Annually, I use the Christian time of Lent as the impetus for extended contemplation. I have mentioned before that I consider the ability to be compassionate and loving a vital part of my spiritual growth. This year I’ve been thinking about why although I seem poised in social settings and can write compositions for others to read, actual interaction with other people can be downright painful for me. I consider myself fortunate to have the concepts of different faith traditions to access for help in making sense of my definition of spirituality. If you’ve been reading this blog you know that frequently I refer back to a Buddhist article I wrote about in my very first blog entry; “Long Journey To a Bow” by Christina Feldman. (“The Bow” 12/25/10) It’s a piece that serves as one of the guides to my personal “wandering through the wilderness”. In it the author discusses the conceit (in this context meaning the metaphor or organizing theme) of self. She shows that for most of us (and definitely for me) the conceit of self is a stumbling block that is made of “better than, worse than, and equal to”.
I got to the point where I recognized that I had developed a serious sense of “I’m better than, they’re worse than”. That was easy because that comparison is so prevalent in our culture and I was raised on it. As I have mentioned before, the only way I could understand others was to evaluate their “flaws”. ( “This Month’s Stop”1/17/12 post) And I evaluated myself by things like how incredibly clean my house was and how impeccably dressed I was. I left several good jobs because “they didn’t appreciate how good I was or they were too incompetent”. When I realized the detriment of that kind of thinking I thought I was working the conceit of “better than”. Then I was prompted to dig deeper by the article. I found that the reason I judged others was because actually, I felt I was diminished and deficient. In reality I was working the conceit of “worse than”.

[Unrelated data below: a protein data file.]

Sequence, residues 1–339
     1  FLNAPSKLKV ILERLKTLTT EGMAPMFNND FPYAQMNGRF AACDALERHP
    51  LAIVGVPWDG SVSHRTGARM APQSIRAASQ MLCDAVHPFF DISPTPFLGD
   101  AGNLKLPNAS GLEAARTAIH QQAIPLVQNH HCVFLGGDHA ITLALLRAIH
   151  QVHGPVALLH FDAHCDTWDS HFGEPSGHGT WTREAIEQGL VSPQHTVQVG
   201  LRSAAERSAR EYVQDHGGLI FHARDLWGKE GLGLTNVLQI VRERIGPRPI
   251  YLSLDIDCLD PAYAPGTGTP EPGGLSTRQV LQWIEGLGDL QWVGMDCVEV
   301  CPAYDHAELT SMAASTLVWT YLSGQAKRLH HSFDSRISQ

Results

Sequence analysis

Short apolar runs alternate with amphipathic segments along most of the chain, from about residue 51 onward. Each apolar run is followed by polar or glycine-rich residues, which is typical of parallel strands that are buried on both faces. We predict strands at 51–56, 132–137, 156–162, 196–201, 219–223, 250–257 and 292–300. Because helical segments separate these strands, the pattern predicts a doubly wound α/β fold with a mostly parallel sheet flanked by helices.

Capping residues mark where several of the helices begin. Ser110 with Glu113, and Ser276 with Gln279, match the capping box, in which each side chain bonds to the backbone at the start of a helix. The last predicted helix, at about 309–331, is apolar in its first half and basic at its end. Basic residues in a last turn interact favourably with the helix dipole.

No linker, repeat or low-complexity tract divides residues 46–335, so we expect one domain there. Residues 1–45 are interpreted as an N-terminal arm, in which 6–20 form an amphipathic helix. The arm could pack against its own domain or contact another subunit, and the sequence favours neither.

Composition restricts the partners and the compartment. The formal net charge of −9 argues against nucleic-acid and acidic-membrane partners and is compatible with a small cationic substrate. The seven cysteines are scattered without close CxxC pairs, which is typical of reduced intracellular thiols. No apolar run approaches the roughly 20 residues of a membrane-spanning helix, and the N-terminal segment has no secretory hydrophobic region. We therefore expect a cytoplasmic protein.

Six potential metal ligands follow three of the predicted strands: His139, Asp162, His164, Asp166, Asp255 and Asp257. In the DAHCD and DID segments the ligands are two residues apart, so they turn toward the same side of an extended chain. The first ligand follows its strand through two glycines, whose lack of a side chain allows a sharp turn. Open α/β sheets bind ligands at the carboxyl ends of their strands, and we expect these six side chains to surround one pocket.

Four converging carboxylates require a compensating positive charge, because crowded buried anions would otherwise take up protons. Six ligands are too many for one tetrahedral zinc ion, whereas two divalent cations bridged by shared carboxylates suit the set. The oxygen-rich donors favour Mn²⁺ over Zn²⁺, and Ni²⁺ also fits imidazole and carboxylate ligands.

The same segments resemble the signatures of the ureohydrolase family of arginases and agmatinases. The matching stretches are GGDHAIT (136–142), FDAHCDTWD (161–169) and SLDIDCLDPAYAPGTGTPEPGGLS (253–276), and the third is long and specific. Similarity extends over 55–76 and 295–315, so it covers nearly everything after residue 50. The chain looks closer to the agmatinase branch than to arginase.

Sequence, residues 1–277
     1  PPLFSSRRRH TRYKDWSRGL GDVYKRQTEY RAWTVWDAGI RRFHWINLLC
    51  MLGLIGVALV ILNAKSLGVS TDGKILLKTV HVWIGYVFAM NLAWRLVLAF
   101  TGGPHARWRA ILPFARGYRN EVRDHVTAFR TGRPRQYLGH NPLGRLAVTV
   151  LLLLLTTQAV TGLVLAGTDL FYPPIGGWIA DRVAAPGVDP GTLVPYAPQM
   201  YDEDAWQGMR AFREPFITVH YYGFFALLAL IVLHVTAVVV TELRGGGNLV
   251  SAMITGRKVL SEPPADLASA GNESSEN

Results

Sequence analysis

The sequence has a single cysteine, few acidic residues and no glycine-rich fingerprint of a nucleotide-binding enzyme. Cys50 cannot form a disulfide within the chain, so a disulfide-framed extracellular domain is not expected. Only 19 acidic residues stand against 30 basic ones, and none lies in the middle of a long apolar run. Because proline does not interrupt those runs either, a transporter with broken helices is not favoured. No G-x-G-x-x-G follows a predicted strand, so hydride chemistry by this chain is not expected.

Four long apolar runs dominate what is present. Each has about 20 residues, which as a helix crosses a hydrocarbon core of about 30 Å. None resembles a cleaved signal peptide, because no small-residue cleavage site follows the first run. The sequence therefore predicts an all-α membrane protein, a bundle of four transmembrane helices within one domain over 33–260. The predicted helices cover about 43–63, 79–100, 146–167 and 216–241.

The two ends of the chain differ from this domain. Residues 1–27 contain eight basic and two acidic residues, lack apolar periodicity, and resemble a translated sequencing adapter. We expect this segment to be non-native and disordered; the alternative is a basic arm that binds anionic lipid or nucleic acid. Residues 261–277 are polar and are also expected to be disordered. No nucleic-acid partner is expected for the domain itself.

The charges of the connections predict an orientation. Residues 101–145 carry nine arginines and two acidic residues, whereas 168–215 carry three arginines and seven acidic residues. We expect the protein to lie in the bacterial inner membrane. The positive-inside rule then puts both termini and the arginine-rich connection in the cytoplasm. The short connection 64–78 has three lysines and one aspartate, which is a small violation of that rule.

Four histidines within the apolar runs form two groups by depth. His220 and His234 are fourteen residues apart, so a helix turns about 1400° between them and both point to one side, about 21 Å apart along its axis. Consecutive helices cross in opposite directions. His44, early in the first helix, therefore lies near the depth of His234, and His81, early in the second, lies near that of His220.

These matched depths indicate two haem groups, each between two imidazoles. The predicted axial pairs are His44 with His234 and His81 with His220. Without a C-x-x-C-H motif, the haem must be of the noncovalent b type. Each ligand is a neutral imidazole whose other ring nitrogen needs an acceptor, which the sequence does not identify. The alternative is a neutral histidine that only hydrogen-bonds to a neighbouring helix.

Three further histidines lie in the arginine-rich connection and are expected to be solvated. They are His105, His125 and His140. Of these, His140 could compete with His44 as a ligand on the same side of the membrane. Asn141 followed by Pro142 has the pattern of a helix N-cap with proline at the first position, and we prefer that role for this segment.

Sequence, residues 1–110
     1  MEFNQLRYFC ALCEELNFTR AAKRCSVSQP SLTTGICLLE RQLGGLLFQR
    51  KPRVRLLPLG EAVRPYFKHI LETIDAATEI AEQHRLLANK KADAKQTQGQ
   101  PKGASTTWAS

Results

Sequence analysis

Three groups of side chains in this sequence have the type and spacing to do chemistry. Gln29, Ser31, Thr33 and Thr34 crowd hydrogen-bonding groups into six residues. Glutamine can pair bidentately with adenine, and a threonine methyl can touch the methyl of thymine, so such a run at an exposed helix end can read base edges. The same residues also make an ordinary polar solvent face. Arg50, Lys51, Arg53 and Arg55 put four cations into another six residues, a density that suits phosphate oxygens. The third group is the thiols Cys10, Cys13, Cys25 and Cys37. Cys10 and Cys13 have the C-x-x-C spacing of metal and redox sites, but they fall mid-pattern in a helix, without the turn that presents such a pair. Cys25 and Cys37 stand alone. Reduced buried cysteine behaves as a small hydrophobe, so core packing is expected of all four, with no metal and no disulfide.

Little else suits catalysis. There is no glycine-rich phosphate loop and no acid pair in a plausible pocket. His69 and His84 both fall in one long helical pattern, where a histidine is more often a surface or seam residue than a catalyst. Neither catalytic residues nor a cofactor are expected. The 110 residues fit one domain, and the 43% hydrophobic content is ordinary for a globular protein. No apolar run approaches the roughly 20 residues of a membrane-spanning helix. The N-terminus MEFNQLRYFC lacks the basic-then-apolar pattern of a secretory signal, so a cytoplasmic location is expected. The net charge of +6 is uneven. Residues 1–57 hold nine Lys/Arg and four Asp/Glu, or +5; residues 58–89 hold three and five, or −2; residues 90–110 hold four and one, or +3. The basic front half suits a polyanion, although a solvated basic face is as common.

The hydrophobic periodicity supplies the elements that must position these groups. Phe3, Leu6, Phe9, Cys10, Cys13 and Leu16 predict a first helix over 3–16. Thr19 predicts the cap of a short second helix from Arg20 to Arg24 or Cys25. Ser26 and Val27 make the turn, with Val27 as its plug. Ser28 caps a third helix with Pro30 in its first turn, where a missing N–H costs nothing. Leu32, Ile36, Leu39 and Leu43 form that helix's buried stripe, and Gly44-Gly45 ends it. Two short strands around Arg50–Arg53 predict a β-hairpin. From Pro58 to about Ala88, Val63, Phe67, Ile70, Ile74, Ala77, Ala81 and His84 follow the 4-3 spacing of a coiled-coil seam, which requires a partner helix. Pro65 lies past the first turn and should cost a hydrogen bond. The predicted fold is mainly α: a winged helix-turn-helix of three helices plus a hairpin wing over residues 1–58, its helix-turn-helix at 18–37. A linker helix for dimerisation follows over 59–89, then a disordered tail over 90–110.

I spent the first half of my life putting together and putting on what I came to call “the suit”. That was the persona of competence I thought I needed to present to others to hide my true inadequacies. Although I really didn’t wear it long, I wore it hard. It got to the point where it was my second skin, or maybe even THE skin. But it became so uncomfortable that I drank alcohol to deaden myself to the pain of the weight of it. It took therapy to teach me that I could remove it and to accept and appreciate what I was like without it. And yet I still kept it around. I was afraid I’d experience a different kind of pain without it. It was like an old friend who I suspected I might need again on occasion because I hadn’t let go of the need for comparisons. By reading “The Bow” many times and lots of contemplation, the consequences of those comparisons, even trying to judge “equal to” finally became clear to me.
Now, at this stage in my life, I see that the fabric of the suit is cheap and inferior. I don’t need a suit made of fear, self-defensiveness and suspicion to protect me. I need only to stand naked before God. Being naked in the wilderness scares me in its potential for pain. I now think that I’m strong enough to withstand my own vulnerability but am I strong enough to endure and love the vulnerability of others? The image scares me but keeps me mindful that there’s always pain in life. I can survive it and I don’t always need to deflect it but rather try to know it.